A con man helping a cop catch corrupt politicians. That in a nutshell is the premise behind David O. Russell’s new movie, American Hustle. Starring Christian Bale, Amy Adams, Bradley Cooper, Jennifer Lawrence, Jeremy Renner and Louis C.K., the movie follows Irving Rosenfield as he juggles avoiding arrest and relationships, while still pulling off cons. Watch the trailer after the jump and then read the review.
When a movie opens with the line “some of this actually happened” it probably should be good. Sadly, American Hustle, is a big disappointment. With an all-star cast, an award winning director and a ton of hype from pre-screenings, I went in with high expectations. But the reality is nothing happens in the story and despite the casts best efforts, this is a bad movie.
There are a lot of problem with this movie but the biggest one is the script. Simply put, some colourful characters yell and backstab each other for reasons that remain a mystery. Bale’s Irving is introduced as a board con man who has his career given a boost when Amy Adams’s Sydney joins him. But when Bradley Cooper’s Richie DiMaso from the FBI tries enlists their help to con corrupt politicians, Irving sees a chance to end his career of crime. However, it plays out so slowly that I was bored before Cooper even showed up.
On the side of this is a love-triangle between Irving, Sydney and Irving’s wife, Rosalyn (Jennifer Lawrence). Lawrence’s performance as Rosalyn is the best part of the movie, but her character does basically nothing and it’s very frustrating. The rift in her marriage with Irving is established right from the beginning and so her further decisions are entirely predictable. She is selfish, careless and heartless which could have been interesting if she was on screen more. She does get one important scene near the end, but by then I was bored and didn’t care about the repercussions.
The rest of the cast does their best to save the movie but it doesn’t matter. Bale as Irving sees him transform with a big belly and a strange wig. Plus, for a British actor, he has a convincing New York accent. His character is a con man, but a boring one. He isn’t charming like Danny Ocean or interesting like Roger Kint in the Usual Suspects. It’s actually amazing people fall for his cons, which include fake art and loans that don’t pay out. But a lot of people do and he is trusted by the government to take down corrupt politicians. So even though Bale gave it his all, for the main protagonist, I really couldn’t have cared less what happened to him. While it was kind of interesting to him switching sides of the law, it changed him in such a small way, he remained as boring as when he is introduced.
Adams’s Sydney does some interesting things in that her way of conning could work. She pretends to be a rich British heir and gives out fake loans to people. It’s actually funny to see her in that character. Adams gives a good performance overall. But as the movie went on and she stopped tricking people I again grew board. Her normal life just wasn’t that interesting and isn’t touched on much. This game is a criticism of the writing. While Adams certainly tries, her character quickly becomes a background character to Bale’s Irving when I would rather see her more involved in the main con.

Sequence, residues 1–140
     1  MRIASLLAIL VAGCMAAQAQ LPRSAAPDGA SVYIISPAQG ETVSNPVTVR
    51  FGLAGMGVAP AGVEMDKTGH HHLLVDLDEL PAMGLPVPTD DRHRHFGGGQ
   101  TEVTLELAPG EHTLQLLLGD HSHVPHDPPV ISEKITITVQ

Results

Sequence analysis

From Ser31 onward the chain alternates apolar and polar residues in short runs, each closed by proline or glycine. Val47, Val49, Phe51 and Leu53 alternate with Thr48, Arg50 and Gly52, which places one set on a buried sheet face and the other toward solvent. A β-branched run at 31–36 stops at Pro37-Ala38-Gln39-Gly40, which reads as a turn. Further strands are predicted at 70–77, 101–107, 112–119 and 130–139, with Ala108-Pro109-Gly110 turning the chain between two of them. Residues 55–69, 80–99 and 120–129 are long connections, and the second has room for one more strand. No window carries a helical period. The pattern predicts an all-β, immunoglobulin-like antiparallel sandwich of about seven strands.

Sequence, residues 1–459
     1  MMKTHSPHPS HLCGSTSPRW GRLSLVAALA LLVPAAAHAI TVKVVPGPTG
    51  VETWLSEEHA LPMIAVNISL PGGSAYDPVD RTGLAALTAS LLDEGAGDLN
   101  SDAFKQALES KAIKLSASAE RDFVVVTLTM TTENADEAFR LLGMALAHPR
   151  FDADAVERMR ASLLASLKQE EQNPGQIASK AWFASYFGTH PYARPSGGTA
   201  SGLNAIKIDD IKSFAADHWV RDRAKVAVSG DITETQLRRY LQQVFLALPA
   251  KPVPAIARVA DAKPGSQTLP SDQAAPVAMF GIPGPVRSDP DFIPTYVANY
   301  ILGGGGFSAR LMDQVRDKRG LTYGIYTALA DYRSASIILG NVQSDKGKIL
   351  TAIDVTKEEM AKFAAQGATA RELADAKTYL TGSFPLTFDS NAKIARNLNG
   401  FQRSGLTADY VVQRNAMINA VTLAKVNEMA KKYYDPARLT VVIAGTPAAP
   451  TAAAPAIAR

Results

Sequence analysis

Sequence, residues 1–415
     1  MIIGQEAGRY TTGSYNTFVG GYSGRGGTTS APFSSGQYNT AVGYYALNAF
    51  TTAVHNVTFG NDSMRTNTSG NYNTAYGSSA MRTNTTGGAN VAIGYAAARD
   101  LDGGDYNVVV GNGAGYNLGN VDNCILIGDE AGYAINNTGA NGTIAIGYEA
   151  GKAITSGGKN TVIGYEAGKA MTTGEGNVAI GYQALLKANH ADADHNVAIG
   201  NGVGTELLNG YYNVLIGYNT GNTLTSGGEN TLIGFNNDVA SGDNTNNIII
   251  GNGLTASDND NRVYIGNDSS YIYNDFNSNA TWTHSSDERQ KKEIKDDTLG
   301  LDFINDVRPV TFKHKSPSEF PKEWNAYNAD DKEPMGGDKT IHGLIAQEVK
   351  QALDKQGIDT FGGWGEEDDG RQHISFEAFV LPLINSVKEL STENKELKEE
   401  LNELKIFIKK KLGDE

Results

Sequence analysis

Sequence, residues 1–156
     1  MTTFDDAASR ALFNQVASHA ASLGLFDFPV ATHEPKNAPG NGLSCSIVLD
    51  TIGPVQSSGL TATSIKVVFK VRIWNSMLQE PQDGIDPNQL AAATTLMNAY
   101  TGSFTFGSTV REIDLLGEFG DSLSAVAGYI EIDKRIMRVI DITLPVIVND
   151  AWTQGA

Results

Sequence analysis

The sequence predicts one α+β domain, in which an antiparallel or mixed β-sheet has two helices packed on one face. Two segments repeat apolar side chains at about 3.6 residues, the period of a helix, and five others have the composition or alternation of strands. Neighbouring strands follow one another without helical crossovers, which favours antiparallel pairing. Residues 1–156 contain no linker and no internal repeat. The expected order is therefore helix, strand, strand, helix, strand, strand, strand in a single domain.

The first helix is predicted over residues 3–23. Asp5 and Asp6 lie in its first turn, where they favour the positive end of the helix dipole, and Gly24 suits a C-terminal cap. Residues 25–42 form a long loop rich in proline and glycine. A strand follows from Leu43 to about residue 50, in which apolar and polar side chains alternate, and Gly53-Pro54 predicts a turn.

Finally, Bradley Cooper plays FBI Agent Richie. This is the most confusing character of the bunch. He is a cop but also becomes addicted to the art of the con. He is introduced as a smart guy who can take down anyone but by the end is lost and confused. His motives are never clear. Does he want to take down politicians? Or cons like Irving and Sydney? He lives with his mom, but has a fiancé and works a good job at the FBI. He is shown to be good agent at the beginning but goes against everything his boss tells him, which gets him in trouble. Again, the actor does his best. Cooper goes all out with some ridiculous curls and matches the wide range of personalities and emotions written for his character. And while that may have been the intention of the writing, I didn’t like the direction or the conclusion of this character’s arc. He is too all over the place for a cop, especially one who proves himself capable when he is introduced.
This film is completely Oscar bait. And it is succeeding. With an A-list cast, an A-list director coming off his best film of his career with Silver Linings Playbook and a story that sort of actually happened (the politicians they trick with fake investments were all real), this movie is textbook awards contender. And while it had some strong performances, impressive actor transformations and Jennifer Lawrence giving her all, the story was so poorly written it took away from everything. I really wanted to like this movie, but it’s been a long time since I left the theater more confused than when I walked in.